It is July 31, 1893, and the Retrenchment Committee reports to the World’s Fair’s Board of Directors that huge cuts are needed. It also asks that it be given the power to approve all expenditures at the WR, no matter how small. Board members are outraged at this request for more power, and threaten to resign should it be granted.
It’s lucky for Burnham that the Retrenchment Committee embarrasses itself — although there seems to be a consensus that Burnham has spent too much money on the WF, the Committee isn’t skillful at proposing a good alternative to his excesses—they respond to his dreams with dreary cutbacks. Thus, Burnham, shrewder and better at the politics of organizing the WF, wins out.
The Retrenchment Committee has been too harsh in its report — the World’s Fair has been a success, and acknowledged as such by newspapers across the country. Even in New York, a journalist writes that Chicago has done a better job of organizing the exposition than New York itself would have done. The final day of the World’s Fair is October 30, giving the Board three months to increase revenue.
Despite the importance of making money, the WF must be judged by other standards, which can’t be expressed financially at all. The prestige that the WF brings to Chicago and to America can’t be measured in dollars, but it’s enormously valuable, a fact which journalists across the country acknowledge.
The Board of Directors tries to convince railroads to lower their rates, and accuses them of being unpatriotic. Millet organizes boat races, swim meets, and exotic dances to boost attendance. He holds a Midway Ball on August 16, for which he invites belly dancers and other “Midway freaks.” Also in attendance is the famous “Citizen Train,” supposedly the model for Phileas Fogg in Around the World in 80 Days. He is rumored to have psychic powers, and says that he has been invited to use his powers to increase attendance.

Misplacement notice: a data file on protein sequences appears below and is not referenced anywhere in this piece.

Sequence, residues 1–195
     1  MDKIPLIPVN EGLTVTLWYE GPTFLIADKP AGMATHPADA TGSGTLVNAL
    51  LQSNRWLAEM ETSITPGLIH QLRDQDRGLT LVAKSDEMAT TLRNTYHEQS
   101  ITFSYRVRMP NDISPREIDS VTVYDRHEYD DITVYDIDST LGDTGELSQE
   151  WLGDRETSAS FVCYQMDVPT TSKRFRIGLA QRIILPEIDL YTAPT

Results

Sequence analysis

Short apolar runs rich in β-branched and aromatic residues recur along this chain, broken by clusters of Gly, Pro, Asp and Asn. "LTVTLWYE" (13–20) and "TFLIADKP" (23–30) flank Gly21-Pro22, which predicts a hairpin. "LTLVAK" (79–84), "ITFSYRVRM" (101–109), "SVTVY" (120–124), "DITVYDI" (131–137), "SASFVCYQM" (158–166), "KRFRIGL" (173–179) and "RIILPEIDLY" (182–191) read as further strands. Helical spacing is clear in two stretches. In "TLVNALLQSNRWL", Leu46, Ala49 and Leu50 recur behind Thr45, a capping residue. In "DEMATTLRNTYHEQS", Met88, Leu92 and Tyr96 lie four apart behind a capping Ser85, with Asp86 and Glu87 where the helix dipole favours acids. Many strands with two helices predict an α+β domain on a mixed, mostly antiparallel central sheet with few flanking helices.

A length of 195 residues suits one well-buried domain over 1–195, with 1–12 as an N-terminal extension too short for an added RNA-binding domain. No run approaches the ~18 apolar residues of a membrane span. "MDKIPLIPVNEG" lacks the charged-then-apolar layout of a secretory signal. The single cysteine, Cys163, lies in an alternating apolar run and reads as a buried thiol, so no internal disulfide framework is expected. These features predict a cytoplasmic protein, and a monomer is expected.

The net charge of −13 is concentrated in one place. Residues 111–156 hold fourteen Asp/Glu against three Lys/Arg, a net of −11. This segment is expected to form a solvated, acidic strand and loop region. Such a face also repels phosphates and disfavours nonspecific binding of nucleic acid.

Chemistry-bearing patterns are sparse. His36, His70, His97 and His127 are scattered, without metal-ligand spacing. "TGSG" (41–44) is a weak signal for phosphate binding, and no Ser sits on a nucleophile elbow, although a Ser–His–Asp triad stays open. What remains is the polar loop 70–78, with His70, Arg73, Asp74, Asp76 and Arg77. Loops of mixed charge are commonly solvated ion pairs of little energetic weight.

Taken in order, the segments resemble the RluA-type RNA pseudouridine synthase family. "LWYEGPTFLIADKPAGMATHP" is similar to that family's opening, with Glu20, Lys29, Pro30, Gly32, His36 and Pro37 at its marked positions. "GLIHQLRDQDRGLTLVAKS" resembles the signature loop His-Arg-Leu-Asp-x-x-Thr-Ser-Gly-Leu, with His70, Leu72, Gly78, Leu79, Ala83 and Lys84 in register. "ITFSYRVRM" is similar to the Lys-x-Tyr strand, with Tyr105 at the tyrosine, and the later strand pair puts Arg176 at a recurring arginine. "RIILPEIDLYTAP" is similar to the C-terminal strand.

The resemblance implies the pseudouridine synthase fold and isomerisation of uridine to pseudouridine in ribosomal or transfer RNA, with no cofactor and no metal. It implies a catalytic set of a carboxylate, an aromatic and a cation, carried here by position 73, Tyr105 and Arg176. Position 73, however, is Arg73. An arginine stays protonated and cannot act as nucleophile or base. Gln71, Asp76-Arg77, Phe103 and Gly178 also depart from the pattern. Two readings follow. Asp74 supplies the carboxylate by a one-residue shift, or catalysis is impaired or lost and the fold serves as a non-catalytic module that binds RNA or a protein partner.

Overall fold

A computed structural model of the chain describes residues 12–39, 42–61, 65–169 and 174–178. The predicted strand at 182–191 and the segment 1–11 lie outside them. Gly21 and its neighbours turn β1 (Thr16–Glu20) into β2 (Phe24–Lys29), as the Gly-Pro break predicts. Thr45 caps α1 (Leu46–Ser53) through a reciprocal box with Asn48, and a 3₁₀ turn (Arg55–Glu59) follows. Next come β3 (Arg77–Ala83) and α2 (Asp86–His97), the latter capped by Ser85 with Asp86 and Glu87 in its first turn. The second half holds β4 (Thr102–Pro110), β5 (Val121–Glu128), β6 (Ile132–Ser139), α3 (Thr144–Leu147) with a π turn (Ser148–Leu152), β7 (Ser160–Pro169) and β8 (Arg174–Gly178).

Millet knows that spectacle isn’t just a sight for its own sake; it’s also a good financial measure, guaranteed to attract more visitors and make the Fair more profitable in the long run. Millet also senses that the spectacles he provides for the Midway must be titillating, appealing to the sexual desires of his audiences, and anticipating the sexuality on display in 20th century film and television.
At the Ball, Train dances with Mexican ballerinas. Performers from all over the world, including Africa, Japan, Alaska, and the Amazon attend. Some, who usually wear almost no clothing, are dressed in skirts in the colors of the American flag. Sol Bloom maintains order in the ballroom.
Another important aspect of the Midway shows is their exoticism. America desires to assert its place in the world, and part of this assertion is presenting representatives of other parts of the world as mere entertainment for Americans. The dressing of foreign performers in the American flag is an apt symbol of the process by which America uses the Fair to present itself as a world leader.
In August, Millet’s events help raise attendance to well over 100,000 visitors a day. At the same time, a major bank, Lazarus Silverman, fails. More businessmen commit suicide, and the unemployment rate grows. Union organizers like Samuel Gompers use the recession as an opportunity to call for drastic changes in the wealth of the United States. His rhetoric causes fear and panic in the wealthy — who feel that unions must be silenced at all costs.
The workers of the United States become increasingly radical and agitated as the economic health of the country declines. Because it must employ thousands of workers and work around the financial hardships of the recessions by attracting visitors, the WF is a “snapshot” of the socioeconomic state of the country in the late 19th century.